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The world’s most celebrated entrepreneur released his new business plan under the pretentious title of Part Deux, which is pretty funny in and of itself. But, the real fun comes from his explanation of his modest goals in the first Master Plan.Elon Musk poses for a Tesla event

I submit the following from Tesla’s website:

The reason we had to start off with step 1 was that it was all I could afford to do with what I made from PayPal. I thought our chances of success were so low that I didn’t want to risk anyone’s funds in the beginning but my own. The list of successful car company startups is short. As of 2016, the number of American car companies that haven’t gone bankrupt is a grand total of two: Ford and Tesla. Starting a car company is idiotic and an electric car company is idiocy squared.

There is plenty in there that is funny when looked at in a certain way. But my favorite is the whopper about using his own funds. It makes you wonder if Mr. Musk can add, or read a balance sheet…it may be the reason why he brags about his company’s astonishing success when it has never made a dime.

Ford for all of their issues and problems as a huge old sclerotic company, at least makes a profit most years, and it makes millions of cars. Tesla makes a teeny weeny number of cars in comparison and has never had a profitable year.

Elon Musk Funded Tesla with His Own Money, and $5 Billion More

As for doing it with his own money, well Mr. Musk did put in 70 million bucks, a considerable sum indeed. Elon Musk’s $70 million was the seed money that raised another $117 million from investors.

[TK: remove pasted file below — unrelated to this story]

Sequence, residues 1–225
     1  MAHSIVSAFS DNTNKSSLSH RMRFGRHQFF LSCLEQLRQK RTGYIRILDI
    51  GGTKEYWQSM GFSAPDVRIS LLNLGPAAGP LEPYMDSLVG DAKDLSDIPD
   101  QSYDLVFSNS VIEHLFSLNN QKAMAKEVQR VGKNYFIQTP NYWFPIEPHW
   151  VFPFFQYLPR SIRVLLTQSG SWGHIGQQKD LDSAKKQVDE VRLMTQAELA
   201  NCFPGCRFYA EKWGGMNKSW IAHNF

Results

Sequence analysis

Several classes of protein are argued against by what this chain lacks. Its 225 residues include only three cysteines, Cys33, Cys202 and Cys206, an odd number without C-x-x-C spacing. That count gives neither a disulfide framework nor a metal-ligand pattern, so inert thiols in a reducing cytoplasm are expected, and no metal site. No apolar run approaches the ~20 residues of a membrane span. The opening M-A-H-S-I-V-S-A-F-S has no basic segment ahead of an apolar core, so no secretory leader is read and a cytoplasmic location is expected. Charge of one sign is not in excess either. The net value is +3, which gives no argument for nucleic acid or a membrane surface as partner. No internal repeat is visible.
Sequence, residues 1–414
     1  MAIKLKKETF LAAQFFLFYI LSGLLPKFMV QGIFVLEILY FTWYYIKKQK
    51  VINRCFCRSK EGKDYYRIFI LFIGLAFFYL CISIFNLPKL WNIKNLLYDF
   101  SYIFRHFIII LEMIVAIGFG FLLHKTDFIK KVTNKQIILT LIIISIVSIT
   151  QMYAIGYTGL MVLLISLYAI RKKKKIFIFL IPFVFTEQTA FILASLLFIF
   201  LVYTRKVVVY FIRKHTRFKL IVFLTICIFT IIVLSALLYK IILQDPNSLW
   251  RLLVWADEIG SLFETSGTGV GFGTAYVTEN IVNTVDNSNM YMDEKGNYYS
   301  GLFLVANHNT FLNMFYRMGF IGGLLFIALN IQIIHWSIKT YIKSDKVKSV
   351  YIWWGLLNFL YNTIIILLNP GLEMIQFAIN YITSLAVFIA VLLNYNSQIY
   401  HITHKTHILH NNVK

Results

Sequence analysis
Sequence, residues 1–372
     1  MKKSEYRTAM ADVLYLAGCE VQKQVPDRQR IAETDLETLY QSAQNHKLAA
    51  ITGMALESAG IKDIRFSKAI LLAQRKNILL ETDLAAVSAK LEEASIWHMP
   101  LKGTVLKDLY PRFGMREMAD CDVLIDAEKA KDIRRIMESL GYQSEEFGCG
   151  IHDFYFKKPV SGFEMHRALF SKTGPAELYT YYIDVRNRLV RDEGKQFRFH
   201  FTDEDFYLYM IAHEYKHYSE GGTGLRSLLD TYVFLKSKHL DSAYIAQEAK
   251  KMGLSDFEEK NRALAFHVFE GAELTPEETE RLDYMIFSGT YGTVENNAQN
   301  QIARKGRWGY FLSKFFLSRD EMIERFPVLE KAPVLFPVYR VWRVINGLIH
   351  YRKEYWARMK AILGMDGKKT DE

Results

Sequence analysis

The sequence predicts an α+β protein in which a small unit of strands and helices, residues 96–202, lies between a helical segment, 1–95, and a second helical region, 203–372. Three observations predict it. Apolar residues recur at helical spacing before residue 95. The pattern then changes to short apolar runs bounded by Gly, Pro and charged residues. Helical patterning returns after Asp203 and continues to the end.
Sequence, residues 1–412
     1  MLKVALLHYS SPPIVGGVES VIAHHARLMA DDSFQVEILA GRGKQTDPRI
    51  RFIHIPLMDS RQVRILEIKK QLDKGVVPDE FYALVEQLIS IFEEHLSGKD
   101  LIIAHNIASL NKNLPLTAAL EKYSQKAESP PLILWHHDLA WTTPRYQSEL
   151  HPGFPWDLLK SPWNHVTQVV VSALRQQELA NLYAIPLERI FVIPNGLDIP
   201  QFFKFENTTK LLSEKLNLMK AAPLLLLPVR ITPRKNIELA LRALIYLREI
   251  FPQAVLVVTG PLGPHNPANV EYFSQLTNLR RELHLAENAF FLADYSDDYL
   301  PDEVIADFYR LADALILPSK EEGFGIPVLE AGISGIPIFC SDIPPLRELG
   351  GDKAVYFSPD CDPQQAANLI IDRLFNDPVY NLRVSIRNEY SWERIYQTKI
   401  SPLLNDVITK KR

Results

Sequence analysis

I thought our chances of success were so low that I didn’t want to risk anyone’s funds in the beginning but my own.

Point being, Tesla has survived on other peoples’ money throughout its entire existence. And a lot of that money comes from the U.S. government in the form of grants and tax benefits. It was calculated that Tesla has approximately $2.4 billion in tax incentives, most of which were granted by Nevada.

In addition, there was a $465 million dollar grant from the U.S. Department of Energy, $50 million from both Daimler and Toyota, and $226 million raised from the IPO. Since 2013, Elon Musk has been big on bonds, raising $1.02 billion in 2013, $2 billion in 2014, and more. All in all, Tesla has raised $4.5 billion since the company went public.

That’s great and all, but it is a lot of money raised from investors, a fabulous amount of money for a company that produces very little that is real. And, it is pretty funny when Mr. Musk claims that he self-financed the company. Can Musk do math? Or does he think his investors are fools? Someday, the owners of that $4.5 billion in bonds are going to come knocking; Tesla has a pretty big hill to climb to have a prayer of paying them back.

 

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